How choosing not to be a mother brought me closer to my father

POV

How choosing not to be a mother brought me closer to my father

Illustration: Shruti Yatam

On a semi-cold morning during the winter of 2020, I made a revelation to my father. The effects of the first wave of Covid were wearing down, and we were all just coming to terms with what had hit us. My husband and I were out of work for more than six months and I’d come down to my childhood home, a suburb within the city, to find my feet.

Returning to the home that I grew up in has always been a great lesson in humility that I end up needing from time to time. Dad was off on his routine morning walk that day, one that he hadn’t missed in over 40 years, and I decided to join him. Almost 4 km in, kind of tired, I suggested we take a break. We sat on a bench looking into a lush green garden, as I gathered the courage to have a conversation that I would naturally have had with my mother first, had she been alive.

I grew up in a close-knit South Indian household with little or almost no secrets.

“Accha (dad in Malayalam), I need to tell you something,” I said. “Last week when I was visiting my gynaecologist, it wasn’t just a routine check-up. I terminated a pregnancy,” I added.  Phew! Even as I write this today, I feel like a huge boulder of building blocks being lifted off my chest. A feeling I had carried for 10 whole days after the procedure, because I hadn’t shared such an important decision of my life with my dad. To be honest I’d anticipated a huge blow-back if I did, and consciously chose to share it with him only when I felt ready. However, I was writhing in guilt every minute.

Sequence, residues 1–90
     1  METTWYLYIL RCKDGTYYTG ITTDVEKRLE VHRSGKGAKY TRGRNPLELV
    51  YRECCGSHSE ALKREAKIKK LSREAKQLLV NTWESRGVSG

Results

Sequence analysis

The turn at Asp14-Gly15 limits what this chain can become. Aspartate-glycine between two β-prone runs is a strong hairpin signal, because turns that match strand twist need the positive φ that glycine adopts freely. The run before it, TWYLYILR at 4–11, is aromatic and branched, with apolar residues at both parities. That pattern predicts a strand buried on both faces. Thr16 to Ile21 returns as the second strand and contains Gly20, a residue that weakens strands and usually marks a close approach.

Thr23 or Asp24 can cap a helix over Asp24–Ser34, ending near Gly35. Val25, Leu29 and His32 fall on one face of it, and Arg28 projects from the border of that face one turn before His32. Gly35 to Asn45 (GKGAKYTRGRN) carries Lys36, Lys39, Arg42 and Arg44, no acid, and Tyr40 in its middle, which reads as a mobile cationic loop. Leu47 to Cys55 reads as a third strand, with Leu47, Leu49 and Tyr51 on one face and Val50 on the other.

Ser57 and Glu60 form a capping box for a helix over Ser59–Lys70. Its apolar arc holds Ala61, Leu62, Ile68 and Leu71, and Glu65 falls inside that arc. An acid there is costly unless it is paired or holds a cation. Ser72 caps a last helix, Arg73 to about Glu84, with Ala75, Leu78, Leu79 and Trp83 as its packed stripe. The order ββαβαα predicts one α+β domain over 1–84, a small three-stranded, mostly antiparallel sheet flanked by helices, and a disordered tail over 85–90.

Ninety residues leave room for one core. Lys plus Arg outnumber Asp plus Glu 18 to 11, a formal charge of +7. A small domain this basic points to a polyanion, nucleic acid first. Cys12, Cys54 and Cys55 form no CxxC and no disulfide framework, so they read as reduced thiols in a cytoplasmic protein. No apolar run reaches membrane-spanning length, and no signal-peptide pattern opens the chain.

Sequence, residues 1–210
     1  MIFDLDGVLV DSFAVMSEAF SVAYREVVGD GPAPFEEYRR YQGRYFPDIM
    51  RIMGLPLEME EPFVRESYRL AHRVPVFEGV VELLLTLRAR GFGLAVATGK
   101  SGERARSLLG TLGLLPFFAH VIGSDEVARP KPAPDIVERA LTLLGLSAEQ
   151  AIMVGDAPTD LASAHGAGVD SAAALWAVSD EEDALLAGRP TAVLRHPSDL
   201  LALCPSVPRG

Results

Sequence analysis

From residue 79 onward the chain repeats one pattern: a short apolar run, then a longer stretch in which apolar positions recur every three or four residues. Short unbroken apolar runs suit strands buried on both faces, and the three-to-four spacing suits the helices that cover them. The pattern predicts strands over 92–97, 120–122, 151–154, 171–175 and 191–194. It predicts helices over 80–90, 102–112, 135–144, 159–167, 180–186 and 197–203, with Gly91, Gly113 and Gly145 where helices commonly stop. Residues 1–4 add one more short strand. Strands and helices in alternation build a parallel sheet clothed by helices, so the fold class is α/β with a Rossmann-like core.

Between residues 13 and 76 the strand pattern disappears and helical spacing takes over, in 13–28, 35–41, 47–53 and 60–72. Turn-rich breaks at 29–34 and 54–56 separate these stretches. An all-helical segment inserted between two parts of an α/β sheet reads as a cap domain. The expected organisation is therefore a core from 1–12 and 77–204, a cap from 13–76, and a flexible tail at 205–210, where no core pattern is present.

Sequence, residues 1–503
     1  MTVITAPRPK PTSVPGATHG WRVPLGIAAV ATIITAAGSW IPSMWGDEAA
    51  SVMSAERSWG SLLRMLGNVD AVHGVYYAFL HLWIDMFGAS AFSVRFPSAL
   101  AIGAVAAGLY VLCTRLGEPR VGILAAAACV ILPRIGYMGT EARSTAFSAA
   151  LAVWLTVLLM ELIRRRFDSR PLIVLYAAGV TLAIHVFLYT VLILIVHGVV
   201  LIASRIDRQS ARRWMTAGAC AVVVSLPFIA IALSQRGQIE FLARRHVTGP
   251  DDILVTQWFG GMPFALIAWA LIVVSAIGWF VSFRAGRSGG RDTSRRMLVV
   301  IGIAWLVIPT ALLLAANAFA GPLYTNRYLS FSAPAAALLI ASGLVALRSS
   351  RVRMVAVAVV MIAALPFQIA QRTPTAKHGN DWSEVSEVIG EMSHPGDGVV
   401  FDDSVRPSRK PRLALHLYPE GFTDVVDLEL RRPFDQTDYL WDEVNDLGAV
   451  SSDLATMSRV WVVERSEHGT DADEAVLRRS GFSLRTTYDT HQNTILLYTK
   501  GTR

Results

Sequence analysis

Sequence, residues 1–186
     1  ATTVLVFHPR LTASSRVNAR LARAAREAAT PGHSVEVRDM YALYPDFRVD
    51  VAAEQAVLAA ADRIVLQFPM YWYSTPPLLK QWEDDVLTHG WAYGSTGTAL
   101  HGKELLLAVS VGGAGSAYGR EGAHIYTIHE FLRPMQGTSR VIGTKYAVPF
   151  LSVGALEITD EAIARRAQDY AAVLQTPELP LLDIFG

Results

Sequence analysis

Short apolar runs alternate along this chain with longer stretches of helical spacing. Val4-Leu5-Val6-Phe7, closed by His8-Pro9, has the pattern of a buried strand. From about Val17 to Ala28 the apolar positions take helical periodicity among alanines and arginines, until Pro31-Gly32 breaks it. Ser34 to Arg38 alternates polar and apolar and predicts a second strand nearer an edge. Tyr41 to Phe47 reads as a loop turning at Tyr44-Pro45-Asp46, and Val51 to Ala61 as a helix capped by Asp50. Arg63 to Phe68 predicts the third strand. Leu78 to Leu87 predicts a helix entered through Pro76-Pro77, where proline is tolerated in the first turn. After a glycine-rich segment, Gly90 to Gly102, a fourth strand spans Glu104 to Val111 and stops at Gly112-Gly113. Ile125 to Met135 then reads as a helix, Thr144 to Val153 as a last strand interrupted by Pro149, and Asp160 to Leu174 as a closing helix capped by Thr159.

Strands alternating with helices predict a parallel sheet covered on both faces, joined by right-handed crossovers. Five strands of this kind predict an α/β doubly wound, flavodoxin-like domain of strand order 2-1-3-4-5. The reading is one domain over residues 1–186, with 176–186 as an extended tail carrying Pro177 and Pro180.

I grew up in a close-knit South Indian household with little or almost no secrets. We were a filmy family full of emotionally overcharged people, who celebrated life as intensely as we fought with each other.  As kids, my sister and I were encouraged to express ourselves thoroughly, and no matter how adverse the situation, sharing was an unsaid rule at home. If we had a problem, we’d share it with either parent and during mealtimes or before the nine-pm TV show, resolutions would be made. Our convent schooling largely contributed to an open approach towards life, and I often felt like our parents learned to be liberal watching us grow up.

I didn’t really know what dad felt about abortion because I’d never had a chance to discuss the issue.

But, Amma and Acha were also fiercely god-loving people, and presumably weren’t pro-abortion. Actually, I didn’t really know what dad felt about it because I’d never had a chance to discuss the issue. In this case, my husband and I took a practical call as we were anything but ready to take on the emotional and financial burden of a newborn in the middle of a pandemic. After speaking to our gynaecologist,  who told us that we were well within the time frame where it would be safe for me, we took a call. Despite knowing my dad, a man who always supported my whimsical dreams and ideas, all too well, I assumed that he wouldn’t get it. I created an entire scenario in my head where he’d lecture me about how I’d taken the wrong call, and how I’d no right to defy nature etc etc.